„„Exercise that controls the body and releases tension
like tai chi or boxing.
„„Deep breathing.
„„Warm, long baths or showers.
Page 6 of 7
„„Imagine I am someplace peaceful and r­ elaxing.
The place I could imagine myself being is
Point 6: Eat Well.
I know that having a healthy body helps people deal
with stress better. I have already agreed to exercise
more. I understand that good nutrition also makes a
difference in my health and how well I deal with stress.
The changes I am ready to make include
„„Eating a good breakfast
„„Skipping fewer meals
„„Drinking fewer sodas and sugary drinks
„„Drinking more water
„„Eating smaller portions
„„Eating less greasy meals or snacks
„„Eating more fruits, vegetables, and whole-grain foods
„„Going to www.ChooseMyPlate.gov to learn more
Point 7: Sleep Well.
I know that people who get a good night’s sleep do a
better job of dealing with stress and do better in school.
For me to get the sleep I need, I will try to go to bed
at ____:____.
I will consider the following plan to help me get the
best night’s rest:
„„Avoid caffeine at least 6 hours before bed.
„„Exercise 4 to 6 hours before bed.
„„Finish homework after exercise because I will be
my calmest, clearest, and most focused.
„„Take some time to relax or hang out after homework.
„„Shower or bathe 1 hour before bed.
„„Begin to dim the lights 30 minutes before bed.
„„Let go of my emotional tension before bed in a place
other than bed (see point 9). If I am really troubled,
I will do this earlier in the evening.
„„I will use my bed only for sleeping. I will use another
place to do some of the things I do in bed now. I will
reading in bed.
doing homework in bed.
watching television in bed.
talking to my friends or instant messaging
in bed.
worrying in bed.
„„Dock my cell phone in a charger that is not in my
„„Deal with the things that stress me out by having a
time to let go of my thoughts and feelings in a place
other than my bed.
Just for Teens: A Personal Plan for Managing Stress, continued
■■Part 3: Dealing With Emotions
■■Part 4: Making the World Better
Point 8: Take Instant Vacations.
Point 10: Contribute to the World.
Everyone needs to be able to escape problems for a
while by taking an instant vacation. I will
„„Read a book.
„„Take a mini-vacation to a local park or recreation center.
„„Imagine I am someplace peaceful and ­relaxing. The
place I could imagine myself being is _______________
„„Watch television.
„„Listen to music.
„„Play video games that are not violent or stressful.
„„Take a warm bath.
I know that people who realize they are needed feel
better about themselves because they can make a difference in other people’s lives. I plan to
„„Help a member of my family by ____________________
„„Volunteer in my community by _____________________
„„Help the environment (or animals) by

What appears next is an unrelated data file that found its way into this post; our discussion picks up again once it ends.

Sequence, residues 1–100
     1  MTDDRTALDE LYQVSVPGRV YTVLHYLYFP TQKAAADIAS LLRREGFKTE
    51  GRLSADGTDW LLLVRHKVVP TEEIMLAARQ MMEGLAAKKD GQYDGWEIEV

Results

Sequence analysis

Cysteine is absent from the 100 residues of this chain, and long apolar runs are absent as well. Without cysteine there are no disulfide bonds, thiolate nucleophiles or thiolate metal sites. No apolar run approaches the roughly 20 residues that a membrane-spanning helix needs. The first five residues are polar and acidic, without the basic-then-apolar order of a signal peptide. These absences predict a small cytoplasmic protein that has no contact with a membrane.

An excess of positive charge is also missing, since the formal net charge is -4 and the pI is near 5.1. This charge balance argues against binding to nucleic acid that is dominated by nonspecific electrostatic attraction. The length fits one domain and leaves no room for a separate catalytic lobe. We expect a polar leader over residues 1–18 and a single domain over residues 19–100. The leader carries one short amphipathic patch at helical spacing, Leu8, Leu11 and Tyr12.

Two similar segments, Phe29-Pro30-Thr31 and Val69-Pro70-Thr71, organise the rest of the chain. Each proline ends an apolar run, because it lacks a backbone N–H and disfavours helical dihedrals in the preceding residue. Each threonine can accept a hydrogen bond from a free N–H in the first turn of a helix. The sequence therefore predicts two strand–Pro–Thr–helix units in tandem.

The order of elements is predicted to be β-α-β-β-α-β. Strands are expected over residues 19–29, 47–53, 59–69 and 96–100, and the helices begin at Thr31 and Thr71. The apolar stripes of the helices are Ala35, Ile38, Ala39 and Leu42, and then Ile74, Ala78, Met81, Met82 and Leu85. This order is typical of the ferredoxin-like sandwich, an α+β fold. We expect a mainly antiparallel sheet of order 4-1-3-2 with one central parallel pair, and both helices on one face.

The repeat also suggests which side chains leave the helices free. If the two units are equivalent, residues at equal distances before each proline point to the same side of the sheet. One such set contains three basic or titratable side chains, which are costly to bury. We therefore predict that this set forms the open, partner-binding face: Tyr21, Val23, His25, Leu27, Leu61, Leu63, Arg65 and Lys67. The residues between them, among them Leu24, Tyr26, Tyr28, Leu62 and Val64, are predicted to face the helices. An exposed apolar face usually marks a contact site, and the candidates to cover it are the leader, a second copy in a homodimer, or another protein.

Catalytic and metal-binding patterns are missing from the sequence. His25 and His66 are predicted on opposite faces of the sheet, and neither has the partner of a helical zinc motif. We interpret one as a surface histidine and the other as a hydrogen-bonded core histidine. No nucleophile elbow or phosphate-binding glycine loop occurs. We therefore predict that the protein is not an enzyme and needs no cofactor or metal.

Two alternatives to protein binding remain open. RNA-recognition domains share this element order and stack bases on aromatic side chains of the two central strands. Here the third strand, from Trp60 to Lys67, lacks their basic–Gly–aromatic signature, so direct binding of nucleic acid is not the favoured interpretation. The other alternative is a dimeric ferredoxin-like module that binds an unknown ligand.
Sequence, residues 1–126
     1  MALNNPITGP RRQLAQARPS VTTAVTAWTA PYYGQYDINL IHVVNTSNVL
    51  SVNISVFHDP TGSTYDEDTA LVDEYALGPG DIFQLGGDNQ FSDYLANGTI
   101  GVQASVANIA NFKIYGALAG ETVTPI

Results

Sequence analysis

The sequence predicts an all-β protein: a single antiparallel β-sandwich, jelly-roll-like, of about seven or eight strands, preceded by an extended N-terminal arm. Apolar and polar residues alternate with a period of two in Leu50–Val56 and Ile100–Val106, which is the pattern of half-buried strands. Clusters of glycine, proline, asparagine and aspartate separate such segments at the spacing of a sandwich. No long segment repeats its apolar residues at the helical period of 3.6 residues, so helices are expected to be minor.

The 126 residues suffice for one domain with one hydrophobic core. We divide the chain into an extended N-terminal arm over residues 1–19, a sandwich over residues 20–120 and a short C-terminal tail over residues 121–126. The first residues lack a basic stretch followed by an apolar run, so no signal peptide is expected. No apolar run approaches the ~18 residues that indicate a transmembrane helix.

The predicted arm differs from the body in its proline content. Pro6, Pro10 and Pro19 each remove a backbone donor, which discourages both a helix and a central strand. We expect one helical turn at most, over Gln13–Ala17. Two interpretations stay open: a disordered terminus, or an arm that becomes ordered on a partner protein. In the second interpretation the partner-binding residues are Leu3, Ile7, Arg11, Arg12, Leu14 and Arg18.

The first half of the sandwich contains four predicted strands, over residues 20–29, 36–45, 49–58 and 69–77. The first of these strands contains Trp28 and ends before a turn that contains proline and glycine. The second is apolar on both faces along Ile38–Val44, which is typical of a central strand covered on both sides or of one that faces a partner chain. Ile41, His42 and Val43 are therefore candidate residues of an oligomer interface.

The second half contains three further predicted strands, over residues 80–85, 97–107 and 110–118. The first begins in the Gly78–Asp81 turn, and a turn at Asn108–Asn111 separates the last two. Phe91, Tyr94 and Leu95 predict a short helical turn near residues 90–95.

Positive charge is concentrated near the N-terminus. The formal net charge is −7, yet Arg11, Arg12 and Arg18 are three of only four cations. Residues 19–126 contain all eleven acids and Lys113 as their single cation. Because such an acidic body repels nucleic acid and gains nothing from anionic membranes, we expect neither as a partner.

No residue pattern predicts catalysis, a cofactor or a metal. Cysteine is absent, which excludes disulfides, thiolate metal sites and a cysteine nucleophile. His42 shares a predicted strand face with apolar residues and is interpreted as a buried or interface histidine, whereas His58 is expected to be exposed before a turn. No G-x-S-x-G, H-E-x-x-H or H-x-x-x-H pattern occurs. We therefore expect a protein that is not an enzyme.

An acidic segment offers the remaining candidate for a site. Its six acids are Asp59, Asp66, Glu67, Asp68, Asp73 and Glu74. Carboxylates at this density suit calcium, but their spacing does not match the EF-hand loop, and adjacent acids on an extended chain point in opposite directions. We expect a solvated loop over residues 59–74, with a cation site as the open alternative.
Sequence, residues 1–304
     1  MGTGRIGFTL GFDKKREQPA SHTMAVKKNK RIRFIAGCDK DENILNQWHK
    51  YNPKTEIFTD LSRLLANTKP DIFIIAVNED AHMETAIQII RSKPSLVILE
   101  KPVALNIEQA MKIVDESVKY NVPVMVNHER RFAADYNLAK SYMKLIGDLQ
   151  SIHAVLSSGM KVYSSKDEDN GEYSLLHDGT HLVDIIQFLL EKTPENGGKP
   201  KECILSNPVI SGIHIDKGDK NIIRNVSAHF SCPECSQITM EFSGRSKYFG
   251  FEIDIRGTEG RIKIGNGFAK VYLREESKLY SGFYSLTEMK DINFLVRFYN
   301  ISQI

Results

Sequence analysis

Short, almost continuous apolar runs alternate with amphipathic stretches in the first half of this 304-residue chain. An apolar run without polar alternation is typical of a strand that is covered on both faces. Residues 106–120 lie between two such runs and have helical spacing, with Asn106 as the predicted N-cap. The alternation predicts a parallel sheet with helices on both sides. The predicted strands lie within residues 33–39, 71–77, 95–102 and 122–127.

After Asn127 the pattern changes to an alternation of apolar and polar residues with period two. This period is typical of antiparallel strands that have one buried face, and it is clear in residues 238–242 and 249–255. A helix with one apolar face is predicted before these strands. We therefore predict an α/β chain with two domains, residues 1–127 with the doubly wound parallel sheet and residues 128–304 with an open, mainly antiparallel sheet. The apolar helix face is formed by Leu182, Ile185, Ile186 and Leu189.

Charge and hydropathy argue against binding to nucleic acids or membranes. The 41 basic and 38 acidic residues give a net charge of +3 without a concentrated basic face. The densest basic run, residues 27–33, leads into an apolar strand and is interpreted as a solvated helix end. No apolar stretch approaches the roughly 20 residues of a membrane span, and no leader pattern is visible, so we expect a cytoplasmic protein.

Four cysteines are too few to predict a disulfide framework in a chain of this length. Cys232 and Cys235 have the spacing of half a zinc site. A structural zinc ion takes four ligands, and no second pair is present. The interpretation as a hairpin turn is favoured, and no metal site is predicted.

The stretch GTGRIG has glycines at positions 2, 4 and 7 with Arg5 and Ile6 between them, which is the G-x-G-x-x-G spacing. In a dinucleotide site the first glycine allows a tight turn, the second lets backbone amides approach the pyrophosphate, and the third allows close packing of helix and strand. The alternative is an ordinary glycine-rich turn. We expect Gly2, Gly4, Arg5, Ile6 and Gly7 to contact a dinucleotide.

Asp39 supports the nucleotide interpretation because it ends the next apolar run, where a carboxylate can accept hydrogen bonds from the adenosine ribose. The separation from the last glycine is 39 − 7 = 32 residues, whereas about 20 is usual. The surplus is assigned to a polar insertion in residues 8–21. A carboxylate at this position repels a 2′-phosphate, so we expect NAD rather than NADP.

Point 9: Release Emotional Tension.
I will try to let my worries go, rather than letting them
build up inside.
„„I will talk to a friend I have chosen wisely because
I know he or she will give good advice.
„„I will talk to my
„„I will ask my parents or a teacher to help me find a
counselor to help me work out my problems.
„„I will pray to gain strength.
„„I will meditate.
„„I will write out my thoughts in a diary, journal, or blog.
„„I will let myself laugh more.
„„I will let myself cry more.
„„I will make lists to get organized.
„„When it seems that I have too many problems and
they seem like more than I can handle, I will work
on one at a time.
„„I will express myself through
■■When to Turn for Help
Even if you are great at dealing with problems, there
may be times when stress feels like it is getting to you.
You are not alone. This does not mean you are crazy or
a failure. Strong people turn to others for support when
they have too much to handle. It’s OK to turn to wise
friends for advice, but it is also important to turn to
your parents or another adult to help you. Nobody will
solve your problems; they might just help you figure out
how to better deal with them. You deserve to feel good.
The following signs suggest that you should seek
some extra guidance:
„„Your grades are dropping.
„„You worry a lot.
„„You easily get moody or angry.
„„You feel tired all the time.
„„You get a lot of headaches, dizziness, chest pain, or
stomach pain.
„„You feel sad or hopeless.
„„You feel bored all the time and are less interested in
being with friends.
„„You are thinking about using alcohol or drugs to try
to feel better.
„„You ever think about hurting yourself.
„„You are using unhealthy coping strategies and are
having trouble replacing them with healthier ones.
Remember that one of the best ways to be
happy and successful is to manage stress well.
You can do it!
Adapted from Ginsburg KR, Jablow MM.
Building Resilience in Children and Teens: Giving Kids
Roots and Wings. 2nd ed. Elk Grove Village, IL:
American Academy of Pediatrics; 2011
The information contained in this publication should not be used as a substitute for the medical care and advice of your health care professional.
There may be variations in treatment that your health care professional may recommend based on individual facts and circumstances.
Copyright © 2014 American Academy of Pediatrics. From Reaching Teens: Strength-Based Communication Strategies to Build Resilience and
Support Healthy Adolescent Development. Permission to make single copies for noncommercial, educational purposes is granted.